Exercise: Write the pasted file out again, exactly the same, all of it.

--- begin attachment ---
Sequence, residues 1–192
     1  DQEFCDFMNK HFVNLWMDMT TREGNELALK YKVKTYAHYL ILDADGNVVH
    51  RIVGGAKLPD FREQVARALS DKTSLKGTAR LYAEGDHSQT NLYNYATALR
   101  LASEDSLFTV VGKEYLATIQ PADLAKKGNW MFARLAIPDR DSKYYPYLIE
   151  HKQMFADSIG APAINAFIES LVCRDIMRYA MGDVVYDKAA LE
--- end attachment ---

Sequence, residues 1–192
     1  DQEFCDFMNK HFVNLWMDMT TREGNELALK YKVKTYAHYL ILDADGNVVH
    51  RIVGGAKLPD FREQVARALS DKTSLKGTAR LYAEGDHSQT NLYNYATALR
   101  LASEDSLFTV VGKEYLATIQ PADLAKKGNW MFARLAIPDR DSKYYPYLIE
   151  HKQMFADSIG APAINAFIES LVCRDIMRYA MGDVVYDKAA LE